South Africa keep lead after Steyn five-for

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Fast bowler Dale Steyn defied conditions primed for low and slow turn, as South Africa retained command on day three of the first Test against Sri Lanka at the Galle International Stadium on Friday.

Fast bowler Dale Steyn defied conditions primed for low and slow turn, as South Africa retained command on day three of the first Test against Sri Lanka at the Galle International Stadium.

Expectation demanded leg-spinner Imran Tahir and burgeoning slow bowlers JP Duminy and Dean Elgar play pivotal roles on Friday, but Steyn instead stepped to the fore with telling figures of five for 50 in a total.

Resuming on 30 without loss, in response to the Proteas 455 for declared built on the back of fine centuries from Duminy and Elgar, the Sri Lankans sported high hopes of a gathering a first-innings lead.

A struggling score of 283 for nine, though, has only reduced the deficit to 172. While the follow-on has been avoided, plenty of foraging for runs awaits tail-ender Rangana Herath and the injured Shaminda Eranga come Saturday.

Steyn stole the proverbial show almost entirely and now has the most most wickets – 367 – among anyone currently part of a national Test XI. England's James Anderson is next in line, while India's Harbhajan Singh has not played the longest format of the international game since March 2013.

Right-armer Steyn, too, has joined former Australian great Dennis Lillee on a prolific 23 five-wicket hauls. One more and he will be level with England's Sydney Barnes – and another two will see Pakistani Wasim Akram's 25 surpassed.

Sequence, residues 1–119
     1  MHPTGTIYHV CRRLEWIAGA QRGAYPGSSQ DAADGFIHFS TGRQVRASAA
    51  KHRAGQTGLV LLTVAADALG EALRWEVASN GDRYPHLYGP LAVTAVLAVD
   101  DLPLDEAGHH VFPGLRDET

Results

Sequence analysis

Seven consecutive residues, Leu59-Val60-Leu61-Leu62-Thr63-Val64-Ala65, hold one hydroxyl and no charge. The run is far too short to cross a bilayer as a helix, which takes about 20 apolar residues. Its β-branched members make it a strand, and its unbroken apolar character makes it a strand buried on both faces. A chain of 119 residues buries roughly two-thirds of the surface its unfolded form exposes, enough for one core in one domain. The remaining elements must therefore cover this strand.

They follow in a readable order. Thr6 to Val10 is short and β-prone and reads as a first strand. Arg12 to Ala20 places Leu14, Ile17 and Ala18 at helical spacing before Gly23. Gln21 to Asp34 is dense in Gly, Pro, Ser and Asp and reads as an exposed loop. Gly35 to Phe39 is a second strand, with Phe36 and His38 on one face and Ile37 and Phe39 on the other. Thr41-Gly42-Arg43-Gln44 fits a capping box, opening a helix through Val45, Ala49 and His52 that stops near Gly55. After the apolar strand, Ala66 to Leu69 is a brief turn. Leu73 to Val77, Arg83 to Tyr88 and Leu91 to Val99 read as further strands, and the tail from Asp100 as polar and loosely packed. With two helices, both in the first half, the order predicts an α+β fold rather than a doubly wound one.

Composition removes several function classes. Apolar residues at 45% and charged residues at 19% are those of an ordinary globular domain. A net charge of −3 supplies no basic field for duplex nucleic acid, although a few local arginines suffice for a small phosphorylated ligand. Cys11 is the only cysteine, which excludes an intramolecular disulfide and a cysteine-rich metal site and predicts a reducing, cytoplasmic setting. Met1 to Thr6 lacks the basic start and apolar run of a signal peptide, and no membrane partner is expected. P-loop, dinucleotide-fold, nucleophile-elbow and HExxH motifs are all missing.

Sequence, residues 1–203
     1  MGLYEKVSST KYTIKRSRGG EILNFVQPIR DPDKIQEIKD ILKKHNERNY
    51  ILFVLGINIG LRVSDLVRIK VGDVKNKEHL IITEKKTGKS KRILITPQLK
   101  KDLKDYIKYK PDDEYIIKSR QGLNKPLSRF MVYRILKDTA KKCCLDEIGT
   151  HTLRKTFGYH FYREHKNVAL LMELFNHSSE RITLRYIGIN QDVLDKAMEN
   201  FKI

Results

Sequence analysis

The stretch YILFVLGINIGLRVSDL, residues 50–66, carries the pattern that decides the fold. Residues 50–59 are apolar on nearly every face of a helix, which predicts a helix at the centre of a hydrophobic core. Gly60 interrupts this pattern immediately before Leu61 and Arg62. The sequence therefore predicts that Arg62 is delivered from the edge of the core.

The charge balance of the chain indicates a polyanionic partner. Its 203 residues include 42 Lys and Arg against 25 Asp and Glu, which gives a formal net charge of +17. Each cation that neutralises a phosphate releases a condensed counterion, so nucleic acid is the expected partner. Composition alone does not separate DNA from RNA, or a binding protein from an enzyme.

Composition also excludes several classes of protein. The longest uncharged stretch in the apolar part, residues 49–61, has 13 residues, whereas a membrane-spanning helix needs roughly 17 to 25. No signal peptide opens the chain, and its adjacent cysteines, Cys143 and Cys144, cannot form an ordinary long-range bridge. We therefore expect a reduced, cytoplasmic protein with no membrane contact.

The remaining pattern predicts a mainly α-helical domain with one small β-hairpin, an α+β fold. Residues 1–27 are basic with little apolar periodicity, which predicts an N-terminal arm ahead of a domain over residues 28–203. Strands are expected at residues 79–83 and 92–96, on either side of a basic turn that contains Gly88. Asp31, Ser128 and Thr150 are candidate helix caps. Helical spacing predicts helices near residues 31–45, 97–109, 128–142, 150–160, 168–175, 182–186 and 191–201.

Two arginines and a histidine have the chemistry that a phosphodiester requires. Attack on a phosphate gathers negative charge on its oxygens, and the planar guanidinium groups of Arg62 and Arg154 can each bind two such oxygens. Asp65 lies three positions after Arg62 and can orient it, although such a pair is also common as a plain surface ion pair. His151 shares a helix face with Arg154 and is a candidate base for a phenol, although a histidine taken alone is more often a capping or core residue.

Opener Upul Tharanga and captain Angelo Mathews were largely the only batsmen to successfully combat Steyn. Orchestrating a patient 83 and brisk 89 respectively, Tharanga and Mathews were particularly important after the cheap departures of the veteran Kumar Sangakkara and Mahela Jayawardene.

Sangakkara and Jayawardene departed before the lunch break, unable to solidly negotiate the reverse swing extracted by Steyn and the Morne Morkel. Opener Kaushal Silva, wicketkeeper-batsman Dinesh Chandimal and the left-handed Lahiru Thirimanne suffered similar fates.

The South Africans were occasionally wasteful with the Decision Review System, with a characteristically overzealous Tahir needing no second offer to use a referral. Captain Hashim Amla will do well to temper Tahir's insistence with levelheaded realism across the remainder of this two-match series.

The second new ball hasn't been taken after exactly 100 overs – and probably won't on Saturday. Steyn's fine showing, though, might have come at a cost. The pace ace left the field shortly before the close of play, evidently nursing a minor injury.

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